PROBLEM: 30 to 40 percent of adult men have male pattern baldness. Some research has suggested that there's an association between hair loss and heart disease, but not enough to consider it as a possible early warning sign.
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METHODOLOGY: After evaluating the merits of the existing literature -- over 850 studies published since 1950 -- Japanese researchers narrowed the field to six sufficiently rigorous studies that together account for almost 40,000 men. Three were cohort studies, following the health of balding men over time; the other three, case-control studies, compared bald men to peers with full heads of hair. All controlled for complicating factors like age and smoking.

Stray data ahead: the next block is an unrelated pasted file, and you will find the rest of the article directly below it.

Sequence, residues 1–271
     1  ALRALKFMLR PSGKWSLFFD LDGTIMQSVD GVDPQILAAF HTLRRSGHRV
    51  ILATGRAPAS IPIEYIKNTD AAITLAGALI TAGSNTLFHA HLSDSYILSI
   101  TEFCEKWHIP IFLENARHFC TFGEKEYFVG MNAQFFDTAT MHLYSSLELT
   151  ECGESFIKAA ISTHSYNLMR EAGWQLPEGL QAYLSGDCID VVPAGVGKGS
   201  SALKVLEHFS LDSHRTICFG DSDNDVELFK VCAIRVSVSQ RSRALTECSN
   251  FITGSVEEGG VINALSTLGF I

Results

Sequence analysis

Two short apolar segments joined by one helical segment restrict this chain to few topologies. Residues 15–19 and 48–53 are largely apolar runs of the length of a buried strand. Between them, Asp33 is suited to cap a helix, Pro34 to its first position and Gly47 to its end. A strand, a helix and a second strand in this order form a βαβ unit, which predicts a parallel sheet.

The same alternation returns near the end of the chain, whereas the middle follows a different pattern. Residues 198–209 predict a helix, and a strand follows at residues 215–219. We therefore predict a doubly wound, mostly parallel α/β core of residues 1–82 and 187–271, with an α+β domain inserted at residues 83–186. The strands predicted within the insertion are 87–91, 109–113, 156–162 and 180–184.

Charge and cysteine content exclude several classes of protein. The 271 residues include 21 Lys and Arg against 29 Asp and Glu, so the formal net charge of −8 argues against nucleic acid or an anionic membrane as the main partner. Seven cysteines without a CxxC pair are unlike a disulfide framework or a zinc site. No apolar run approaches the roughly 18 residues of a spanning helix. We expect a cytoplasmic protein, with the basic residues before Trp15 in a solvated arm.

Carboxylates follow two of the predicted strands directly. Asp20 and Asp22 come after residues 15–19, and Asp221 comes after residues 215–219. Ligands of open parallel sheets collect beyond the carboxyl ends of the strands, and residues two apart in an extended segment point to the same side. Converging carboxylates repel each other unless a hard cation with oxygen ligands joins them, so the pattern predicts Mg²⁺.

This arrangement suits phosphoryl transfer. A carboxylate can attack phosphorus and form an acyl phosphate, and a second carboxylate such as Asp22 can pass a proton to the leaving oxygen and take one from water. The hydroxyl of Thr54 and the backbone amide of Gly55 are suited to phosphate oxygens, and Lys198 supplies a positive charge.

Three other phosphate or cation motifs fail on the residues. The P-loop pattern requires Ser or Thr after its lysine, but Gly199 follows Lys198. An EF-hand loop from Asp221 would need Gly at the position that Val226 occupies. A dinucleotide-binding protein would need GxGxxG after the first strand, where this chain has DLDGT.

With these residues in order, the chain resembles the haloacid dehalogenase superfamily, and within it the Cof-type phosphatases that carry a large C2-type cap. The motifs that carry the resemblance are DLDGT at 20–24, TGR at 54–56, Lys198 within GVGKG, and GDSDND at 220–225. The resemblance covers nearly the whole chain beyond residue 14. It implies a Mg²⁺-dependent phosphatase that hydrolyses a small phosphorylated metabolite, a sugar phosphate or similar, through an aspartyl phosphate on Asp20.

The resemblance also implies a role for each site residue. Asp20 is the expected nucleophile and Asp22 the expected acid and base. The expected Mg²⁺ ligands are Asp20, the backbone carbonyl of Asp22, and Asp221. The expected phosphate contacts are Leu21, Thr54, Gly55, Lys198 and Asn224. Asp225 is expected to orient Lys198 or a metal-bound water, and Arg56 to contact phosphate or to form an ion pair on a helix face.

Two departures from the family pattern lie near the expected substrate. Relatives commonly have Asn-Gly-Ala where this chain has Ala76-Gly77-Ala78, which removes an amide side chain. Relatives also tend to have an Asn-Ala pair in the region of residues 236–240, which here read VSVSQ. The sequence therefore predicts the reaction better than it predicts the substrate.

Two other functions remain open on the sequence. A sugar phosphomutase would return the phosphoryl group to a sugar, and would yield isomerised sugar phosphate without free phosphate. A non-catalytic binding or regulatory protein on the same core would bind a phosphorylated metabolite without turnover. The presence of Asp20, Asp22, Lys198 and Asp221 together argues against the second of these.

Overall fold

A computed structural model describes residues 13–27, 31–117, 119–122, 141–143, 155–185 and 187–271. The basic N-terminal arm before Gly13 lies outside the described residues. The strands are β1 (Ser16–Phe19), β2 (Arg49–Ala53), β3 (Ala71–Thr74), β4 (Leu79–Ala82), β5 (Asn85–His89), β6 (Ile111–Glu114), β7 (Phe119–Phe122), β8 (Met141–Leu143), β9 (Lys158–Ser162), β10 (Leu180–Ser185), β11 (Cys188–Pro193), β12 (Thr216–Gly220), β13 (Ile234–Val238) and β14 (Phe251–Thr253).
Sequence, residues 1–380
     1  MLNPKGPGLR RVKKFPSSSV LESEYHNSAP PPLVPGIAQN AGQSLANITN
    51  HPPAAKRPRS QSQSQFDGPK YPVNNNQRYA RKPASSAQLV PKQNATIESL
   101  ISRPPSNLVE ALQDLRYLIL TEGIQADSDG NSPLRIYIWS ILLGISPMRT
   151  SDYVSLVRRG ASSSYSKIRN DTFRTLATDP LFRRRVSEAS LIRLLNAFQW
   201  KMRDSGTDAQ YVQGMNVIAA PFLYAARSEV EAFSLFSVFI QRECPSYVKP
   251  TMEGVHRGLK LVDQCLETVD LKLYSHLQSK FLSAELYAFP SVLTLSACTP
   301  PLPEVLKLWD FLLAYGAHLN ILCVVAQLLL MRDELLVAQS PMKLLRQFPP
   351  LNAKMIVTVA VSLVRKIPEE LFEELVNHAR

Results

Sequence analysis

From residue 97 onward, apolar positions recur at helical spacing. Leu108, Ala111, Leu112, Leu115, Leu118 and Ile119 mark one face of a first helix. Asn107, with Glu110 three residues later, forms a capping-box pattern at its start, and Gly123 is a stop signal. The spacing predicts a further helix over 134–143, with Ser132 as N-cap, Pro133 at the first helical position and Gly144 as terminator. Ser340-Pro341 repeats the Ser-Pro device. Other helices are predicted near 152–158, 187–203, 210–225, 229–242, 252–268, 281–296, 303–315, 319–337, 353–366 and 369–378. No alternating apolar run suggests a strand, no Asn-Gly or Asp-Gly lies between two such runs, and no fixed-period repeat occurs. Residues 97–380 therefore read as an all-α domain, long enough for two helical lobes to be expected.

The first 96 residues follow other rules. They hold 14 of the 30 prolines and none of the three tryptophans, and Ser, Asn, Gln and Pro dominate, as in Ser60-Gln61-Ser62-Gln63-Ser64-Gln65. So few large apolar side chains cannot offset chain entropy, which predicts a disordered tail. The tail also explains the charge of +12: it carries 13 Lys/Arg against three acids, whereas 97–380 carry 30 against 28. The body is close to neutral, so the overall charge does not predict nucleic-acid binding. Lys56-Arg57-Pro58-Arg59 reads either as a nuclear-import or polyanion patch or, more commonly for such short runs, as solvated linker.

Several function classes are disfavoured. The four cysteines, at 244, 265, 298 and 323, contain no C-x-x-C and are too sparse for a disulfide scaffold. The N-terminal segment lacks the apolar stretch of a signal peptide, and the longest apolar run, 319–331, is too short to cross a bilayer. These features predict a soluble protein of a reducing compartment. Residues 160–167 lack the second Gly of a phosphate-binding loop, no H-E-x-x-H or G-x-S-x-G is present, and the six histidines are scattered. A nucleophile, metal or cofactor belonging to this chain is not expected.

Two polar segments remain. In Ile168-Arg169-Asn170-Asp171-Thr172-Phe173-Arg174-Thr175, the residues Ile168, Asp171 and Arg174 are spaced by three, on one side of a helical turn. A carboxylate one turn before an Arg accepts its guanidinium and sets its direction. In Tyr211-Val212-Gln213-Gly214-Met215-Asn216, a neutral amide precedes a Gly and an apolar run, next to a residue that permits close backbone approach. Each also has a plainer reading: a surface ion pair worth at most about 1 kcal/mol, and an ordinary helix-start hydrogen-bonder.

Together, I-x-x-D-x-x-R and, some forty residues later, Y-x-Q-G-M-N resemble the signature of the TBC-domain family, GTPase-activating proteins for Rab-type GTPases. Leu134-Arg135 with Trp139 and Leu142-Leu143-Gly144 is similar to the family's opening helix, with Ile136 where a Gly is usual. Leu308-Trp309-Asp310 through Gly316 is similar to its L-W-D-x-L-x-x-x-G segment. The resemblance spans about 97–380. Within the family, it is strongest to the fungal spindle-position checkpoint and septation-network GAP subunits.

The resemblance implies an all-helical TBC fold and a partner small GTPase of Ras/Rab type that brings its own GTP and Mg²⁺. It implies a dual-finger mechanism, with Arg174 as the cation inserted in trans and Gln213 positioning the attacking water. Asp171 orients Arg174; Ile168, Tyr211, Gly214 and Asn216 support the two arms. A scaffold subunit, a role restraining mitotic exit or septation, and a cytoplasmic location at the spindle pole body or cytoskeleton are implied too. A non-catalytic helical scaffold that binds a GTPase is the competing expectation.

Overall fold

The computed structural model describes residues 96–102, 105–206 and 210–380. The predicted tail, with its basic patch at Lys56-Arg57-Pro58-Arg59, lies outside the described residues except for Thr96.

RESULTS: Across the board, increased balding was strongly linked to increased risk of CHD.
Mostly-bald men in the cohort studies were 32 percent more likely to develop CHD over the follow-up period than those who weren't balding. Under the age of 55-60 (the studies grouped them differently), the association remained and was even intensified: CHD risk for the "extensively balding" was upped to 44 percent.